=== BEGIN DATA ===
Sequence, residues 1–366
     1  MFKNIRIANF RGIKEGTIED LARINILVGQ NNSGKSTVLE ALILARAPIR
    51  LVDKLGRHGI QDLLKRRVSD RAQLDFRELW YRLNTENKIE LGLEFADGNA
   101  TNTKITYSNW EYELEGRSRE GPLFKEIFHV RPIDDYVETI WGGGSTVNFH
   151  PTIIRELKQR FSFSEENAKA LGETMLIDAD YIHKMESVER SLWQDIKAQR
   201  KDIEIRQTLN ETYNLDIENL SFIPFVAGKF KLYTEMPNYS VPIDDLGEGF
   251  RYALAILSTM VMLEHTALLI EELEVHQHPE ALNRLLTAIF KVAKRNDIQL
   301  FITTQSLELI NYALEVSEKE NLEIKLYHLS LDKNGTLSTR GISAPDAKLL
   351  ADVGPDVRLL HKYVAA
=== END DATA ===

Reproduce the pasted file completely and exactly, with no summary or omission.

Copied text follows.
Sequence, residues 1–366
     1  MFKNIRIANF RGIKEGTIED LARINILVGQ NNSGKSTVLE ALILARAPIR
    51  LVDKLGRHGI QDLLKRRVSD RAQLDFRELW YRLNTENKIE LGLEFADGNA
   101  TNTKITYSNW EYELEGRSRE GPLFKEIFHV RPIDDYVETI WGGGSTVNFH
   151  PTIIRELKQR FSFSEENAKA LGETMLIDAD YIHKMESVER SLWQDIKAQR
   201  KDIEIRQTLN ETYNLDIENL SFIPFVAGKF KLYTEMPNYS VPIDDLGEGF
   251  RYALAILSTM VMLEHTALLI EELEVHQHPE ALNRLLTAIF KVAKRNDIQL
   301  FITTQSLELI NYALEVSEKE NLEIKLYHLS LDKNGTLSTR GISAPDAKLL
   351  ADVGPDVRLL HKYVAA